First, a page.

It has been barley one month since the Supreme Court gutted the Voting Rights Act. Less than 48 hours after the decision, several of the states that had required prior approval before changing their voting conditions began implementing — or planned to implement — several voter suppression laws.
Florida and North Carolina are now joining the party.
After limiting early voting days and hours prior to the last election, Florida has been given the all clear to restart one of its favorite voter suppression tactics – purging of the voter rolls. In May of last year, Governor Rick Scott ordered the purging of voters who were suspected of not being U.S. citizens. It turns out the majority of those on the list were U.S. citizens. Thirteen admitted they were not.
Groups sued to stop the purge, stating that it unfairly targeted Latino people, which violated Section 4 of the VRA (Voting Rights Act). On Wednesday, a judge lifted the stay, stating that since Section 4 was unconstitutional, the lawsuit was moot.
Gov. Rick Scott has vowed to resume the purge.
This is reminiscent of 2000, when they purged the list of supposed felons. It was just coincidental that it happened to purge a lot of people who were black – and not felons.
They promise the list will be more accurate this time.
North Carolina is the new leader in the voter suppression game. A bill passed by both houses last week is breathtaking in scope and targets every possible demographic that has helped keep North Carolina a very progressive state.
Only 40 of the 100 counties in North Carolina were covered under section 4 of the VRA. This has made the state a rare progressive bright spot among its southern neighbors. However, for the first time since reconstruction, Republicans hold all branches of the government. Since then, they have been on a slash and burn policy agenda to destroy decades of progress.
And now the foundation of democracy is on the chopping block.
There are more than 20 provisions that alter various aspects of North Carolina election law. It limits access to polls, hampers voter registration efforts, opens the floodgates to allow big money into elections and increases barriers for the disenfranchised, making it harder for them to vote.
The attacks on voters are nothing less than horrific.
Early voting has been cut by seven days, and same day voter registration has been eliminated. It also prohibits flexibility in the hours for the remaining early voting period, and makes it more difficult to accommodate elderly and disabled voters with satellite polling stations.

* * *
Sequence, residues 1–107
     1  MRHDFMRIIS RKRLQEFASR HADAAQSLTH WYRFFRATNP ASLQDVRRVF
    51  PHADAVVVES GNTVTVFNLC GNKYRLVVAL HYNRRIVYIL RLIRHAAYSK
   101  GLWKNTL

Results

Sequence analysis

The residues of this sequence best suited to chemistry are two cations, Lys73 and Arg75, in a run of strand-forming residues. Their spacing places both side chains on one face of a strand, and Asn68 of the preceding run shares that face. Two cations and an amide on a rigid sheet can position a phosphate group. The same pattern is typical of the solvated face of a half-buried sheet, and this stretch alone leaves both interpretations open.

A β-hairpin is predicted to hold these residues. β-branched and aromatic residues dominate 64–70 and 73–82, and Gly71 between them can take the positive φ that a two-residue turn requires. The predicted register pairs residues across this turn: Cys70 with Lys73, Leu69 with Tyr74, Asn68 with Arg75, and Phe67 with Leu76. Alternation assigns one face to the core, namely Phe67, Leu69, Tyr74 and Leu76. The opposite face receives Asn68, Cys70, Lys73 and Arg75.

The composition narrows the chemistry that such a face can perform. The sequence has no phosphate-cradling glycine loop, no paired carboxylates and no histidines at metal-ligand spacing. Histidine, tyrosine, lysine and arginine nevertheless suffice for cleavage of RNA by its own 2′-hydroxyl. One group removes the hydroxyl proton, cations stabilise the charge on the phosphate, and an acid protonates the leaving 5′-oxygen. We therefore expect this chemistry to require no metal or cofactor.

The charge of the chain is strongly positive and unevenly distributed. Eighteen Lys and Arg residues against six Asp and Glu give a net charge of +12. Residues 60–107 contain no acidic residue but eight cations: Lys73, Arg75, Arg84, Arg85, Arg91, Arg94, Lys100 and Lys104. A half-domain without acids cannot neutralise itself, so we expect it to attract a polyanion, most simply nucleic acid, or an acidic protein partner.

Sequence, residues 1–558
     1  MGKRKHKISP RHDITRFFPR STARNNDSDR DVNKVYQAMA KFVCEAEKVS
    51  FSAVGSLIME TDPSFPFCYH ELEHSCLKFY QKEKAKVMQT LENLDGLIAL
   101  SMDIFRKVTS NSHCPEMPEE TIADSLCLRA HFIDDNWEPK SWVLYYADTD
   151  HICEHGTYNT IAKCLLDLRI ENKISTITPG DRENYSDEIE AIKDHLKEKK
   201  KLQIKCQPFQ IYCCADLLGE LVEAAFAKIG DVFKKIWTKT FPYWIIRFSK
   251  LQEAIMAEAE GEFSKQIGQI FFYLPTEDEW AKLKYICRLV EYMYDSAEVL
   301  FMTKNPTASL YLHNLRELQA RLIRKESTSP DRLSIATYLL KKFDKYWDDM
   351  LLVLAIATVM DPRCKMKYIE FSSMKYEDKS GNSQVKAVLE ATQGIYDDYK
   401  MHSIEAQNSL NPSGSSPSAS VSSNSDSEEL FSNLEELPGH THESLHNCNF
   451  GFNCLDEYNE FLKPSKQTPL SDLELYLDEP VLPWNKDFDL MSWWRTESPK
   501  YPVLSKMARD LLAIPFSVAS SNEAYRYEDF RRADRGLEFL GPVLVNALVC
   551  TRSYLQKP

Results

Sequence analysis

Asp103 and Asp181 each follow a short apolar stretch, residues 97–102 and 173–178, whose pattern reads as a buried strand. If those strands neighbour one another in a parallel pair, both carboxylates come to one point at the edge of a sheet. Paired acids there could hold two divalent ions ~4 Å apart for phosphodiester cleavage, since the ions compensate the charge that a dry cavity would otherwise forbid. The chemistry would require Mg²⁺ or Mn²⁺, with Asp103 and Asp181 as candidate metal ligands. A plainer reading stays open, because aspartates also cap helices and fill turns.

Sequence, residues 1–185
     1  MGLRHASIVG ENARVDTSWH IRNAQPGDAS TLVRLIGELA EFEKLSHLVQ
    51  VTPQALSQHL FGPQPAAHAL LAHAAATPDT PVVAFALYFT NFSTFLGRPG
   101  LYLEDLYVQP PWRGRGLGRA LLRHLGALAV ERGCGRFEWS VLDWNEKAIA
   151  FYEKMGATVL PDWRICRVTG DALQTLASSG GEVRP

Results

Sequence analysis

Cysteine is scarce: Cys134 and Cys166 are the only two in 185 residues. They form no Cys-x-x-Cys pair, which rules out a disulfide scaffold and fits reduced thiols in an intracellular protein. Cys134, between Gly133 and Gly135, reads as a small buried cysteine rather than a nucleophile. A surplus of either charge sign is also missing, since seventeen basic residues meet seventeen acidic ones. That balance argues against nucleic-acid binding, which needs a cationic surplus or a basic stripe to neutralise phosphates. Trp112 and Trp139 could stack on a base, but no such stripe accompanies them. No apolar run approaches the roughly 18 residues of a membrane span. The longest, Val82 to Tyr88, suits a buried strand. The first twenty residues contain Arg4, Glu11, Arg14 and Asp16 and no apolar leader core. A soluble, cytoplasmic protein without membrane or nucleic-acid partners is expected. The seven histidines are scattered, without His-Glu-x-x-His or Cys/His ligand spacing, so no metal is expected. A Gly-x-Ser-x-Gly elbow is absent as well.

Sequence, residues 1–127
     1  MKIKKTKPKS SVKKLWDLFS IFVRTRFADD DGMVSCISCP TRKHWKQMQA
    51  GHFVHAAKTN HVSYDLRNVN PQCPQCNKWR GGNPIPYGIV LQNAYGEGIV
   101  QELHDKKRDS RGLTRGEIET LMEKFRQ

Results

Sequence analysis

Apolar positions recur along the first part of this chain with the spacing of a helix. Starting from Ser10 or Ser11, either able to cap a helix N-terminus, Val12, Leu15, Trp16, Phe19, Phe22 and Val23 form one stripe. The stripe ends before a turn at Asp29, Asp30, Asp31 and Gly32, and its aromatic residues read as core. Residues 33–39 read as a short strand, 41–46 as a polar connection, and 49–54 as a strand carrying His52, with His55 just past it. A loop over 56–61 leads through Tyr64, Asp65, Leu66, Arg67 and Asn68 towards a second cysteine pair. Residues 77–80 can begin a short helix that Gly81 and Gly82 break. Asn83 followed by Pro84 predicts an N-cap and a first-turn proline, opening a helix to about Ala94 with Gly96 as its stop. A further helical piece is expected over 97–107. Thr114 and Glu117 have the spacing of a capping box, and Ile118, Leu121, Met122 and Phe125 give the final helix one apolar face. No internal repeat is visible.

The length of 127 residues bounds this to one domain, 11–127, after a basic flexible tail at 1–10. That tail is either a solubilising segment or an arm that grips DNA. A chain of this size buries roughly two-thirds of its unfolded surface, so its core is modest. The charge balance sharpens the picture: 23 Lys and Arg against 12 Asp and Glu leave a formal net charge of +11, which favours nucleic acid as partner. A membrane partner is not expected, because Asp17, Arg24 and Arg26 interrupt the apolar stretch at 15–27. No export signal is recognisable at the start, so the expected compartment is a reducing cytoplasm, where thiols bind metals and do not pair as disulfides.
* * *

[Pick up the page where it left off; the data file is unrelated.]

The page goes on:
Voter harassment has been institutionalized, by allowing any registered voter to challenge voters at the polls, something previously only allowed by precinct workers. The law also makes it harder for those challenged to fight back.
Paid voter registration drives are banned and the new provisions eliminates a program that allowed pre-registration of 16 and 17 year olds so there was no delay for them to vote once they turned 18.
And, yes, there is a voter ID provision.
Essentially, it eliminates every kind of ID except a state issued driver’s license or ID and it must have the voter’s current address. Previously accepted IDs such as student IDs, county or municipal public employee IDs, or public assistance IDs – all of which have photos – are no longer accepted.
Of course they say all of these provisions are done in the name of maintaining integrity of the elections process. This argument is profoundly ridiculous considering there were only two cases of voter impersonation out of millions of votes cast in the ten year period of 2000-2010.
The truth is, minority voters made up almost one-third of the early voters in the last election and 34 percent of blacks did same day voter registration. The banning of the various forms of previously accepted voter IDs specifically targets the young, the elderly and the poor.
Had the VRA remained intact, the voter ID provisions and changes in polling site conditions would have required approval from the Department of Justice since they affect the pre-clearance counties.
Now, they have nothing to stop them.
It should be noted that Republicans got into office with a new election map which created districts that favored their candidates, creating majorities in both houses of the legislature. The map was challenged in court. Earlier this month, a three judge panel declared the map legal (they avoided changes to the pre-clearance counties) and it will remain in use until at least 2020.
The new law also eliminates all voter education outreach, including no funding to provide information about the new voter ID requirements — even in voter guides.
In her strongly worded dissent, Justice Ruth Bader Ginsburg predicted that all of the progress that had been made under the VRA would now be reversed. In an interview last week with the AP, Justice Ginsburg lamented the rampant changes that have occurred since the 5-4 decision.
“One really could have predicted what was going to happen. I didn’t want to be right, but sadly I am.”
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